If one looks up the word “soccer” in a dictionary, it gives the following definition: a football game in which two teams consisting of 11 players trying to head or kick a ball into the opponents’ goal. Being the most played sport in the world, its fans are notoriously enthusiastic, even causing riots; however, the United States has yet to catch up to the rest of the world’s passion for soccer, or “football,” as it is called elsewhere.
Soccer’s popularity has risen dramatically amongst the youth in the US with almost all American high schools now having soccer teams, not to mention the various rotary and club leagues available for future soccer stars to hone their skills and talents.
Another reason for soccer’s lukewarm reception in the United States is that it’s a very low-scoring game; it simply does not yield the huge scores of 110-98 that an NBA game may. Two goals–or scores–may not be enough to keep the American publics attention, which is often more geared toward instant gratification. Hockey may also be a lower scoring game, but its brutality often serves up enough excitement for fans.
Soccer has a time clock that continually ticks away regardless of what is happening on the field. Each half may be increased somewhat by what is known as “stoppage time” to allow for play missed because of an injury or a red or yellow card situation; however, stoppage time is kept to a minimum. Conversely, football and basketball stop the clock for timeouts, injuries, and foul situations. Baseball has natural breaks with the changing of innings. Soccer is played in two 45-minute halves with approximately a 15-minute break in between, which unfortunately does not allow time for marketing, those great Super Bowl commercials, and huge half-time extravaganzas.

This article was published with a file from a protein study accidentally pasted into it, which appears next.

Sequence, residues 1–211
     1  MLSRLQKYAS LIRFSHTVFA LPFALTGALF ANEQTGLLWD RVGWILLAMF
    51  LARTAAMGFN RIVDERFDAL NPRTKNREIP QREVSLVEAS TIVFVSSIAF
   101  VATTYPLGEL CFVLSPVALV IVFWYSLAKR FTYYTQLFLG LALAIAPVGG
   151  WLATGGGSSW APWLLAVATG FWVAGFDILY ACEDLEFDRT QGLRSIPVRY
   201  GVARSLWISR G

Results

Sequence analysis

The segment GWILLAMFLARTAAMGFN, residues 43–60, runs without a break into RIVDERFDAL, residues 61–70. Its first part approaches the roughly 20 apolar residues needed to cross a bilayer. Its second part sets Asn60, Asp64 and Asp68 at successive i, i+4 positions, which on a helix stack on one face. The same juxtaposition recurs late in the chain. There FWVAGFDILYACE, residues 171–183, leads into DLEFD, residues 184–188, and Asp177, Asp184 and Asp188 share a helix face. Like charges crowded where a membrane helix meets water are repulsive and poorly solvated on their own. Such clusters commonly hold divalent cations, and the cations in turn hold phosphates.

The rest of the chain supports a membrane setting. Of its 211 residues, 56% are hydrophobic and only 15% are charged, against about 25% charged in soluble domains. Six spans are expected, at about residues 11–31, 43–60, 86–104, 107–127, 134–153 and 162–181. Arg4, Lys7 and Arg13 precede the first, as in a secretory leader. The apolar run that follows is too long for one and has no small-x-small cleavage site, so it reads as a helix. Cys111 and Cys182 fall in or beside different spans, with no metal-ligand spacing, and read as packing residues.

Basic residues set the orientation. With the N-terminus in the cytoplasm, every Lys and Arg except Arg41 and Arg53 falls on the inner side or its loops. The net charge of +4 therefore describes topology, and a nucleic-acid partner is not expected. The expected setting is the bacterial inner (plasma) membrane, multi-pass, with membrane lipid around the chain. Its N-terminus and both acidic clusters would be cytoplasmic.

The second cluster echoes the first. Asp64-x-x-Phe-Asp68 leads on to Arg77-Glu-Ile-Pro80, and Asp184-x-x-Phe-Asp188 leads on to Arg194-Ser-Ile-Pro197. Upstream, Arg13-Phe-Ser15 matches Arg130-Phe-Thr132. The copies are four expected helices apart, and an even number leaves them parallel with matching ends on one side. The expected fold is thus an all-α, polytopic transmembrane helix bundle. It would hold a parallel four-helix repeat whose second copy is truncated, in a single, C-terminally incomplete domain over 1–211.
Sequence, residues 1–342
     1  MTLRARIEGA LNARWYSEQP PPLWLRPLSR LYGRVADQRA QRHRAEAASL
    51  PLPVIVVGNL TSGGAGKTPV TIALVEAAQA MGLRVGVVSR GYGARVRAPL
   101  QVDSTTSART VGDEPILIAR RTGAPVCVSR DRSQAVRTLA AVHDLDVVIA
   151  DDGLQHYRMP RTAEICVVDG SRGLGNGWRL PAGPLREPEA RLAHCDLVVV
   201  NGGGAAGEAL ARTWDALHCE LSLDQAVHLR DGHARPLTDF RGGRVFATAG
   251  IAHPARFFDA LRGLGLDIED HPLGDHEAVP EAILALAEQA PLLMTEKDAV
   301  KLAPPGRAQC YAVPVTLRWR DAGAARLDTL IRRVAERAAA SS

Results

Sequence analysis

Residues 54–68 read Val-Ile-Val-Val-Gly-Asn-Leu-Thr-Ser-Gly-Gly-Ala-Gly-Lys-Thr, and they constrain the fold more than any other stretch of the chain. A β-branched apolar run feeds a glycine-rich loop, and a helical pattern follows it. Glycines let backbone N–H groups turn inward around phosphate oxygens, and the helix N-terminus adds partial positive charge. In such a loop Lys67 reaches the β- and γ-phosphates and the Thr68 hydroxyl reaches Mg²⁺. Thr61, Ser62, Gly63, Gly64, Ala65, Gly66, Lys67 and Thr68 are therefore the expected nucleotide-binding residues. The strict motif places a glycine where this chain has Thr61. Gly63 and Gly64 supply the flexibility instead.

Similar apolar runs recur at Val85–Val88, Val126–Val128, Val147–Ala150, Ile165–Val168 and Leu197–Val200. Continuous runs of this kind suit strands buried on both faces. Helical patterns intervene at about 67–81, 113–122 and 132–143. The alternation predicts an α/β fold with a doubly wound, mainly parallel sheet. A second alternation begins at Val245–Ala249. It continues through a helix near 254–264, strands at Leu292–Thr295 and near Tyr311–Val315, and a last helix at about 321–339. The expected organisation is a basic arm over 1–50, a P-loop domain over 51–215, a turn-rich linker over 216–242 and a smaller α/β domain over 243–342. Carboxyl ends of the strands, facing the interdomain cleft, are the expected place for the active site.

Further, soccer often allows the score to end in a tie, which is unfathomable by American standards. Most Americans desire games that result with a clear winner and loser. Hence, the need for overtime and extra innings. Americans want closure.
Perhaps soccer’s lack of popularity in America is due to our not having thought of it in the first place, like the all-American top three: American football, basketball and baseball. As a sport, soccer does not have its origins or history here, and, hence, Americans are not the great standouts in it.